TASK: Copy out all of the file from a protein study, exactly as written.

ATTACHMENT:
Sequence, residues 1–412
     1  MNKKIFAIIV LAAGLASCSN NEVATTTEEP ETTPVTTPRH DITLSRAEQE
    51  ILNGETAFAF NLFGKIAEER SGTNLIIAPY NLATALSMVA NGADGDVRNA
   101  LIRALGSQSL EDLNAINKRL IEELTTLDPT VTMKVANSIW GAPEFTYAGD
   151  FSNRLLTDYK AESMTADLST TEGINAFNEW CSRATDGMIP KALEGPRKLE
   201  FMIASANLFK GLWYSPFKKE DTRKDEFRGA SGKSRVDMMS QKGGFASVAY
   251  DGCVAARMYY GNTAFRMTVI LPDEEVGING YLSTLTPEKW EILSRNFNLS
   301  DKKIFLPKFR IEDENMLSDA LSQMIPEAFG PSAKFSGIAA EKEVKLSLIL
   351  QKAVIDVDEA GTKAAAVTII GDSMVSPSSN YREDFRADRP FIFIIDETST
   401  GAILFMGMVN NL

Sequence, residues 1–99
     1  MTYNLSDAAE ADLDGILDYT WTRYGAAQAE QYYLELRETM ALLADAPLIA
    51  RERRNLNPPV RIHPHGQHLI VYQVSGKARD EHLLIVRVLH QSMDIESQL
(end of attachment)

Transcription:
Sequence, residues 1–412
     1  MNKKIFAIIV LAAGLASCSN NEVATTTEEP ETTPVTTPRH DITLSRAEQE
    51  ILNGETAFAF NLFGKIAEER SGTNLIIAPY NLATALSMVA NGADGDVRNA
   101  LIRALGSQSL EDLNAINKRL IEELTTLDPT VTMKVANSIW GAPEFTYAGD
   151  FSNRLLTDYK AESMTADLST TEGINAFNEW CSRATDGMIP KALEGPRKLE
   201  FMIASANLFK GLWYSPFKKE DTRKDEFRGA SGKSRVDMMS QKGGFASVAY
   251  DGCVAARMYY GNTAFRMTVI LPDEEVGING YLSTLTPEKW EILSRNFNLS
   301  DKKIFLPKFR IEDENMLSDA LSQMIPEAFG PSAKFSGIAA EKEVKLSLIL
   351  QKAVIDVDEA GTKAAAVTII GDSMVSPSSN YREDFRADRP FIFIIDETST
   401  GAILFMGMVN NL

Sequence, residues 1–99
     1  MTYNLSDAAE ADLDGILDYT WTRYGAAQAE QYYLELRETM ALLADAPLIA
    51  RERRNLNPPV RIHPHGQHLI VYQVSGKARD EHLLIVRVLH QSMDIESQL